Portland Budget Forum meets in East Portland

Find out where the only chance for folks to comment, east of the Willamette River, was held and what happened there …

Portland City Councilors Amanda Fritz, Nick Fish, and Randy Leonard join Mayor Sam Adams at the Community Budget Forum held for the east side of Portland in the Cleveland High School cafeteria.

Story and photos by David F. Ashton
The Portland Community Budget Forum for the area east of the Willamette River was a well-attended event, as nearly 300 people crowded into the Cleveland High School cafeteria on the evening of March 21.

“Welcome to Cleveland High School,” Portland Mayor Sam Adams began; “Home of the Warriors – and one of the most improved schools in Portland. If you grow tired of this tonight, you can go upstairs and take in a few minutes of the Battle of the High School Bands!”

Portland Mayor Sam Adams says City leaders value well-reasoned input from citizens.

After introducing Portland City Commissioners Amanda Fritz, Nick Fish, and Randy Leonard, Adams continued, “This is a very difficult budget year. We have to cut the budget, or find other means to bring it into balance. Nobody likes this task, but it has to be done.”

Adams cautioned that the best way to advocate for an interest group’s cause comes from the quality of participants’ comments, questions, or arguments – and the sincerity of the speakers. “The loudness or auditory robustness of your questions or concerns or comments is less impactful.”

Nearly 300 people came to the Community Budget Forum held in the Cleveland High School cafeteria.

After participants heard an introduction to Portland’s current economic situation, and after getting an overview of the City’s budgeting process, attendees were encouraged to participate in a demographic poll, using wireless voting clickers that had been provided.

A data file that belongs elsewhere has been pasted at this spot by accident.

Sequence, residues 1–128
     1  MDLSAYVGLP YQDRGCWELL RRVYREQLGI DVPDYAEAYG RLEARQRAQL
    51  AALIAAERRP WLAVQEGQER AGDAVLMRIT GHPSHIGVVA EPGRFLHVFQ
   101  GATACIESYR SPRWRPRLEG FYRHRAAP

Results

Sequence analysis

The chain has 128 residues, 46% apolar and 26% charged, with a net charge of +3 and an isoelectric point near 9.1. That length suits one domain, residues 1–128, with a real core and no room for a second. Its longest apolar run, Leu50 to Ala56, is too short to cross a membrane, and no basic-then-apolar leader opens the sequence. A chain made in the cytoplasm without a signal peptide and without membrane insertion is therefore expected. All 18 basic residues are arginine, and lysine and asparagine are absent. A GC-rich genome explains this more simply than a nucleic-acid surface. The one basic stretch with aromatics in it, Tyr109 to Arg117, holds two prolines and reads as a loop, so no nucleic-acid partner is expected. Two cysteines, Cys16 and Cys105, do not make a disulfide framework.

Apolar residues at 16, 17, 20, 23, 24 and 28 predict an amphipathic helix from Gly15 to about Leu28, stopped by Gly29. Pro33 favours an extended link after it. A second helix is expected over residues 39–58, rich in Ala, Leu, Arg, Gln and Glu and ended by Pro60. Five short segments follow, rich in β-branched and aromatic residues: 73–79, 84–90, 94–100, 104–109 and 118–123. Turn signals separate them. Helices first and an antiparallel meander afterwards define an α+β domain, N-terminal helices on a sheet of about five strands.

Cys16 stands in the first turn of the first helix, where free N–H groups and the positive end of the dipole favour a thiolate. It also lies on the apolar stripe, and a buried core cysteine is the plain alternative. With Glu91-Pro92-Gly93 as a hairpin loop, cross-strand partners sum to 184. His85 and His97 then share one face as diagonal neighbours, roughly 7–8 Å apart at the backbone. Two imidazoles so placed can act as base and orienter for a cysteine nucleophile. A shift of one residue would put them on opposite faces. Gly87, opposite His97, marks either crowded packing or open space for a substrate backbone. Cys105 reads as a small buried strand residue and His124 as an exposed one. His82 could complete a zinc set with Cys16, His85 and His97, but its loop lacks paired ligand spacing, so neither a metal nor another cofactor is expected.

All of the City’s Bureaus were grouped together in one of five categories:

  1. Public Safety,
  2. Parks, Recreation, and Culture,
  3. Public Utilities
  4. Community Development, and
  5. Transportation.

While a representative of each group spoke about the Agencies and Bureaus in their respective segments, Mayor Adams stepped aside and spoke with East Portland News.

“We have to cut $17 million from the City’s budget,” Adams confirmed. “And, we need the citizens’ input on where to cut, and what they want to protect. That’s what tonight’s meeting is about.

“Tonight’s forum is also about getting suggestions for how to improve the services of the City, and questions we need to be thinking about ourselves.”

From the Portland Office of Management and Finance, Kelly Ball explains the evening’s activities.

Asked if he believed that citizen participation in forums like these have an effect, Adams responded, “They definitely make an impact. We’ve just begun the budget process; and are beginning our analysis of the City’s Bureaus.

“We haven’t made any decisions on prioritization. The timing of this [forum] is perfect, as we start the ‘ugly job’ of cutting budgets.”

In the CHS cafeteria, Kelly Ball, of the Portland Office of Management and Finance, was explaining the evening’s activities.

Portland Police Chief Mike Reese stands ready to answer budget questions about his Bureau.

“Our first exercise is an opportunity for community members to ask questions and share their priorities directly with Bureau directors and their staff,” Ball said. “Then, we’ll ask participants to break into six groups, and take the opportunity to share their top budget priority, and what’s important to them and to their communities.”

That exercise completed, attendees returned to the general session, where they were asked to use those remote-control voting “clickers” to prioritize City services, interests, and topics.

“The results will provide advisory feedback to the City’s leaders,” Ball said, “as they move into Portland City Council budget hearings convene April 2-13. Mayor Adams is scheduled to release his office’s proposed budget in May 17.

City Bureau and Agency directors and staff stand by to talk with citizens.

“We encourage people to go online and learn more about Portland’s budget process,” Ball added, saying that there’s a wealth of information available. “We have a section set up specifically to encourage online comments, and to obtain a wide variety of input from as many people as possible.”

You’ll find all that at their website: CLICK HERE to open it.

© 2012 David F. Ashton ~ East Portland News

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